In sum, the classification of class is based on individuals’ possession, status depends on the contemporary society’s views on different value and party is a collective of individuals with conscious to pursue common goal. One critical thing to be point out is that, these three classes themselves inherently are conflict free in their roles, that means they may work independently or cooperatively. Sometimes their roles may be overlapped or cross-over. For instance, a group of teachers can join together to form a union and then fight for more interest.
Similarities and Differences between the two Approaches
Since the functionalism emphasis the functional importance of the role, even though a class is on top of the others, it does not mean that it can control the rest. As for Weber’s approach, the classification of people of “status groups” could sometimes balance the power of “classes”. Therefore, both approaches reflected that no single class could dominate the society.
The hierarchy structure in functionalist is ranked by their functional/occupational importance, people who can reach to upper level will certainly received higher rewards and vice versa. That means there is room for the existence of social mobility. That is also agree to Weber’s view that individual who acquired marketable skills could move up from one class to another class in the social hierarchy.
Firstly, the formation of stratification in functionalism is based on their functional importance; i.e. more important role will ranked in relative high position in the hierarchy. However, Weber’s approach on stratification formation is based on the classification of people into three spheres, i.e. classes – based on economic position; status groups – based on social order; and parties – based on power.
Secondly, functionalism does not specify how many classes/strata in the social hierarchy, it is only based on the importance of the role, simply speaking, if you can clearly define the importance among a doctor, a lawyer and a teacher in a society, it will exists 3 strata. On the contrary, Weber clearly stated that, market position and lifestyle may intersect, thus produce four basic social classes, they are :
1. an upper class of propertied people,
2. a petty bourgeoisie of small business owners,
3. a middle class of white-collar people who, while propertyless, possess some skill of marketable value, and
4. a class of manual workers
Lastly, in functionalism, classes in different level of the social hierarchy are working cooperatively and with harmonious relationship, i.e. no fundamental conflict between them. However, in Weber’s view, it believes that struggle for advantages/interests between classes are exists, i.e. there is considerable conflict among the hierarchies.
Social Stratification in Hong Kong
When considering which approach is more appropriate to elaborate the social stratification in Hong Kong, we could study some findings done by academics previously in various aspects at first.
Is the society fair?
In Lau & Kuan’s1 findings, it revealed that near half of Hongkongers opined that “Hong Kong to be a fair or very fair society”. As in T Wong’s2 study, he also concluded that Hongkongers “did not perceive serious … poverty or inequality in the society”. These two results are more incline to functionalism, because Hongkongers are fully agreed and satisfied with their positions and rewards.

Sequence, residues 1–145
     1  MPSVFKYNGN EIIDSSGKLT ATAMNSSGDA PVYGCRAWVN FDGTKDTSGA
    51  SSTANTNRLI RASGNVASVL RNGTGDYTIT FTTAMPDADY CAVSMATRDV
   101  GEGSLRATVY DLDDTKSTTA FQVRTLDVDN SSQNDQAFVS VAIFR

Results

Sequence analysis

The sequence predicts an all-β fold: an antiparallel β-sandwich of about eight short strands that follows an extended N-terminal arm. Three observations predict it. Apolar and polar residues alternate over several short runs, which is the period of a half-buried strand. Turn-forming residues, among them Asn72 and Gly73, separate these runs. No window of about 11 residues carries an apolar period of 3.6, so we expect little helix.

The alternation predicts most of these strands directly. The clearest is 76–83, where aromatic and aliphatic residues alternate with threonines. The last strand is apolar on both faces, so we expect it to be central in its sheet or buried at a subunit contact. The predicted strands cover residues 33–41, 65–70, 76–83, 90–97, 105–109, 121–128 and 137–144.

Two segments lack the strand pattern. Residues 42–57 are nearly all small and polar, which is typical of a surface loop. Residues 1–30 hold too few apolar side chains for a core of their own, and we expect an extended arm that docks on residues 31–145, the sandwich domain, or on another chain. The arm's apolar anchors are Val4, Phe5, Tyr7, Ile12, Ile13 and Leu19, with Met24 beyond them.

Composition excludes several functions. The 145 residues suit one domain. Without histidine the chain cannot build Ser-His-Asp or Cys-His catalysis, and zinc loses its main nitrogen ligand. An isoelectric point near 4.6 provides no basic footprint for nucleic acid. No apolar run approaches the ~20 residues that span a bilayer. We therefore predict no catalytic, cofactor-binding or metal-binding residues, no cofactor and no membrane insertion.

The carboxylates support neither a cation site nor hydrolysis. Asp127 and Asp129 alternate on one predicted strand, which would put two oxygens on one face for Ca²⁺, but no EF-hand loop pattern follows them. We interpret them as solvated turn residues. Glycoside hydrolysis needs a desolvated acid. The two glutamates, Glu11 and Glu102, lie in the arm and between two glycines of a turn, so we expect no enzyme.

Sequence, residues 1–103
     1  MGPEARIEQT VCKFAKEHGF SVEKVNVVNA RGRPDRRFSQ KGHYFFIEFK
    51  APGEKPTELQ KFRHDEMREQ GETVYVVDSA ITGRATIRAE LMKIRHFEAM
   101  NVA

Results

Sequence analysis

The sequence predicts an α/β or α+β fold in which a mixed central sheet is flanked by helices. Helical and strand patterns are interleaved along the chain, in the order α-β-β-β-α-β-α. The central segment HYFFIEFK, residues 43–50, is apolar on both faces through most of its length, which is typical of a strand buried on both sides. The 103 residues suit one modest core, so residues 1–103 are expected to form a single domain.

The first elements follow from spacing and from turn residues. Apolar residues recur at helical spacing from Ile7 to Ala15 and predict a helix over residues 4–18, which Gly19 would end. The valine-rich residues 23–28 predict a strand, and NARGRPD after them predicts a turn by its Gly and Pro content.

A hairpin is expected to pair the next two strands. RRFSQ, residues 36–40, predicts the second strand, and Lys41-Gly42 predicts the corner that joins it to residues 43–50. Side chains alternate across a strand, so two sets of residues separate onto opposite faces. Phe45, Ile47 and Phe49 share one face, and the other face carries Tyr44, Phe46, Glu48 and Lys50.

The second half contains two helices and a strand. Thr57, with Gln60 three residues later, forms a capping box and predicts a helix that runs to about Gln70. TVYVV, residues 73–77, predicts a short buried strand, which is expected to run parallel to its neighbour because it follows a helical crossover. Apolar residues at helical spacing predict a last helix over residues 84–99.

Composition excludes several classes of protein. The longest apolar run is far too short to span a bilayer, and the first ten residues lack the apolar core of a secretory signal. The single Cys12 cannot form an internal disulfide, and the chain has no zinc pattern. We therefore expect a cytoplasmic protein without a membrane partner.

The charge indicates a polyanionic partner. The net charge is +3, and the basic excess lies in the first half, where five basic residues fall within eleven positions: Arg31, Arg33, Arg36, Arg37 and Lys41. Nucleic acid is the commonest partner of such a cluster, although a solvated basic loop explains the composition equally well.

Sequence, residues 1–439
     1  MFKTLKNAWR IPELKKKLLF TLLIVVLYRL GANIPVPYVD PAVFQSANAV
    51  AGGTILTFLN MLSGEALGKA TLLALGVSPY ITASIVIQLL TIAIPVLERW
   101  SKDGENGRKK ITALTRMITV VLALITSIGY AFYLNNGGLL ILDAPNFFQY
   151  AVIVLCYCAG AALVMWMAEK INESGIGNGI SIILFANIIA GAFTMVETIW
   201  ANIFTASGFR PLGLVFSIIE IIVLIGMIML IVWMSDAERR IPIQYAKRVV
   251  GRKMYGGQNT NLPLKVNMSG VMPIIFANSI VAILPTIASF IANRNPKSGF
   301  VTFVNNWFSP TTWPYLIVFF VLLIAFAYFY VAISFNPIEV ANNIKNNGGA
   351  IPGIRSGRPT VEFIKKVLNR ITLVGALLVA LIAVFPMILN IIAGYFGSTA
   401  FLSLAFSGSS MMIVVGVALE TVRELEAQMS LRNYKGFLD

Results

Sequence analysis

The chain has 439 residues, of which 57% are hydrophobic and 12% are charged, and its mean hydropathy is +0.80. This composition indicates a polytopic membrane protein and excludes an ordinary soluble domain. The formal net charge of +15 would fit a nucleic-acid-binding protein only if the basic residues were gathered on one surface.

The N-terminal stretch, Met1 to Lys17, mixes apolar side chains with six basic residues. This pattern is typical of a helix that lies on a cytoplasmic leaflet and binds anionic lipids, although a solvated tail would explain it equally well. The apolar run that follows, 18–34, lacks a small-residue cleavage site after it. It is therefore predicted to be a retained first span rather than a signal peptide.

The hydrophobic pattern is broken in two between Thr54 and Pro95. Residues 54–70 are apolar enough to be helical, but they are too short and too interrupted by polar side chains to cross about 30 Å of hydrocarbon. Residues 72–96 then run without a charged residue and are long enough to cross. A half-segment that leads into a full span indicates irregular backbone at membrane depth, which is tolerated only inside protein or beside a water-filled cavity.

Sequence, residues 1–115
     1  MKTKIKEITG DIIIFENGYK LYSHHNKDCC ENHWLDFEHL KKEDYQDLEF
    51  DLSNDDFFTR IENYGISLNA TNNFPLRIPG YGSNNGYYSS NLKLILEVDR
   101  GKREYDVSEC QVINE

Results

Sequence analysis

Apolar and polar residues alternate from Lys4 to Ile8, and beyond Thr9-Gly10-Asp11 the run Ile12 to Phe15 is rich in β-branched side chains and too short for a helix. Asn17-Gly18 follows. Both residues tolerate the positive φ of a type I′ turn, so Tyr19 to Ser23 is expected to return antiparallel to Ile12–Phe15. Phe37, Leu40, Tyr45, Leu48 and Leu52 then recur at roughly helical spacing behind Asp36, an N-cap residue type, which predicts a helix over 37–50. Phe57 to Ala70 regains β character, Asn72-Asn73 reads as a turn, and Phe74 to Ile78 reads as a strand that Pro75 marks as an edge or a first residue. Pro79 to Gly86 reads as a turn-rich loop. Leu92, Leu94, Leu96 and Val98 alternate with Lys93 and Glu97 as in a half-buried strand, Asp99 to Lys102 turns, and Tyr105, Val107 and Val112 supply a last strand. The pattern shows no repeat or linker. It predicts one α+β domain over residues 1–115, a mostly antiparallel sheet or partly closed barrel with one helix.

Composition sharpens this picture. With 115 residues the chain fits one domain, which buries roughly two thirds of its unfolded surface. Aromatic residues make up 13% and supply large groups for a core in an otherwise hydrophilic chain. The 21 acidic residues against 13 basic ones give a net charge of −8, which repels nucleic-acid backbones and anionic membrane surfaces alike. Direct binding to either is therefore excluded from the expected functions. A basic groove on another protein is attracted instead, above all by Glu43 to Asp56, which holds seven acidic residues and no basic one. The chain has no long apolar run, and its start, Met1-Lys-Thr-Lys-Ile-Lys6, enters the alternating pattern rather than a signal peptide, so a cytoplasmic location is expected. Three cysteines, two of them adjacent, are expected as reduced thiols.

In determining themselves’ social class, respondents of the Social Research Centre’s3 research found that, Hongkongers “used for determining a person’s social class included wealth and income, educational attainment, political or administrative power, and morality”. Such classification obviously agreed to Weber’s approach of “status groups”; because these people are sharing similar lifestyle and interests. Furthermore, Lau also suggested “Social classes as structural forces in shaping interpersonal relationship are political actions are relatively insignificant ….”; that are also meet Weber’s view.
Attitudes towards the rich and poor
In Lau and Kuan’s1 study, it revealed that Hongkongers are in general satisfy to the distribution of wealth, i.e. people with special skills/knowledge, will received more rewards, it exactly same as functionalism. However, in Wong and Lui’s4 study, their findings shown that Hongkongers’ earnings are exploited by the involvement of economic and political resource, i.e. large corporations and financial groups.
Perception of Mobility
“Hong Kong people consider their society to be full of opportunities for upward mobility ……”, concluded by Lau and Kuan1, which is matched to functionalism. In supporting to that result, other academic Tsang5 also mentioned that “the territory is a place of abundant opportunities which any individual can take advantage of regardless of his/her place in the social structure”. However, in Wong and Lui’s6 study, it disclose that the above mentioned situation can not reflect the true picture. They found that even though “there are opportunities and openness, just as there are inequalities” and “class of origin is an important sign of class of destination”. Therefore they are inclined to support to Weber’s approach.
As we can seen that academics are of different perceptions in explaining the social stratification of Hongkong; both funcationalism and Weber’s approaches are also supported by certain grounds. As a whole, I opined that Weber’s approach, in terms of extent are more appropriate in explain Hongkong’s phenomenon. Last but not the least, it should be bear in mind that because all the findings/studies were conducted over ten years, it is absolutely not suitable for explaining the prevailing situation of Hongkong.